Title: Eleanor Oliphant is Completely Fine
Author: Gail Honeyman
Publisher: Viking Canada
Publication Date: May 9, 2017
Synopsis from Goodreads:
Meet Eleanor Oliphant: She struggles with appropriate social skills and tends to say exactly what she’s thinking. Nothing is missing in her carefully timetabled life of avoiding social interactions, where weekends are punctuated by frozen pizza, vodka, and phone chats with Mummy. All this means that Eleanor has become a creature of habit (to say the least) and a bit of a loner. But everything changes when Eleanor meets Raymond, the bumbling and deeply unhygienic IT guy from her office. When she and Raymond together save Sammy, an elderly gentleman who has fallen on the sidewalk, the three become the kinds of friends who rescue one another from the lives of isolation they have each been living. And it is Raymond’s big heart that will ultimately help Eleanor find the way to repair her own profoundly damaged one.
What a fantastic book! I borrowed this book from a friend and it came highly recommended. It definitely lived up to the hype. Eleanor is this socially awkward, unconventional, and quite strange individual. She doesn’t really relate to those around her, assuming they don’t understand the nuances of social convention when in actuality, she’s the only who doesn’t quite get it. She’s often the odd man out and holds her self to an incredibly high standard of intellect and social conduct, even if that doesn’t necessarily fit in with what the rest of the world would consider usual behaviour. She’s almost obsessive about it, but as the book unfolds she experiences significant change, awareness, and growth. Eleanor struggles with mental illness and grief throughout the book, although she herself is not fully aware of it until later in the plot.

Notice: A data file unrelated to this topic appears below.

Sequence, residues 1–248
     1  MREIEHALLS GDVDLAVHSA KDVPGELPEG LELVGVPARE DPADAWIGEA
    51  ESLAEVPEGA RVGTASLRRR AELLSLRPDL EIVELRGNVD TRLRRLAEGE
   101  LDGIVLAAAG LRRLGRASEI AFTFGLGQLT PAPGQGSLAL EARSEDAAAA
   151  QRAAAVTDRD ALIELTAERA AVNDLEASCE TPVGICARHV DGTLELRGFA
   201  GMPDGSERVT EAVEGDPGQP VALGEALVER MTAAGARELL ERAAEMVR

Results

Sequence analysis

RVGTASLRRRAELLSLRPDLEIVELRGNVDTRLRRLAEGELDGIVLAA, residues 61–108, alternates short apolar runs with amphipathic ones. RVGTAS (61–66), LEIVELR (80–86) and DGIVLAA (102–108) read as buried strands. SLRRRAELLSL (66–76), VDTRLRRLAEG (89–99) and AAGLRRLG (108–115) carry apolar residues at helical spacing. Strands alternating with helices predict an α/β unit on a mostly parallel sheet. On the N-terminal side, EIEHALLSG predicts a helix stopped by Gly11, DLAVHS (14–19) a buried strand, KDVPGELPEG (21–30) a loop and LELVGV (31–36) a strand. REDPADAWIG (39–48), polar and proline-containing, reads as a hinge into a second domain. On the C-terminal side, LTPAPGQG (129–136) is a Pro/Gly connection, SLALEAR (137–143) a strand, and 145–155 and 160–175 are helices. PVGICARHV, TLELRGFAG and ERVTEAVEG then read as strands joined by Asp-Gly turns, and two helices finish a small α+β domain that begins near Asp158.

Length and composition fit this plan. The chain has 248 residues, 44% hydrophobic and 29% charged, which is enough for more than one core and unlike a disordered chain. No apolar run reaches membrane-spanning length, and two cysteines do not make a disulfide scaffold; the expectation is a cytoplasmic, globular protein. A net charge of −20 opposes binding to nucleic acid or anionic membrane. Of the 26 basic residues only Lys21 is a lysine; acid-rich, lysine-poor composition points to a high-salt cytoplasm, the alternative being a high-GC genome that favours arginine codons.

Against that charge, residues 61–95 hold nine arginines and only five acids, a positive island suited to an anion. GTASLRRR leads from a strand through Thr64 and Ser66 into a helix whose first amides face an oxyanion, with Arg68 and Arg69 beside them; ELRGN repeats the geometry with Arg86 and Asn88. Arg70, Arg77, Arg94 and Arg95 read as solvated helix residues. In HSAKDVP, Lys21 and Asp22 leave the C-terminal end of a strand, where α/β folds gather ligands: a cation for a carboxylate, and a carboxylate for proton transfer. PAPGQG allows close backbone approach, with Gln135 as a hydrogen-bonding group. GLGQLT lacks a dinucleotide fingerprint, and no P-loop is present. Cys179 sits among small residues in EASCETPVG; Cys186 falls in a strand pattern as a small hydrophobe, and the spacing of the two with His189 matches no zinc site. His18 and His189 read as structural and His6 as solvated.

I really hated Eleanor in the beginning. She comes off as abrasive and overwhelming. She seems pretty unapproachable and for the reader, it’s tough to get to know her. But, there’s something about her that keeps you hooked. I grew to love Eleanor as this story progressed. She’s witty and smart, even if she has trouble relating to those around her. She makes incredibly interesting and astute observations about her world–although she’s not quite as good at recognizing struggles in herself. Eleanor is working through the unimaginable in this story and she comes to know herself in such a beautiful, heartbreaking, and healing way. There is so much transformation in this book–it’s like watching a caterpillar form a chrysalis and emerge as a butterfly.
This book is the perfect blend of quirking and amusing, but also heart-wrenching and sad. It’s beautiful in its exploration of family, tragedy, and mental illness. It’s got ALL THE FEELS, guys! It’s one woman’s journey of growth and learning, of healing and acceptance, and of learning to overcome and emerge stronger on the other side. I really loved this story and I would recommend it to anyone again and again.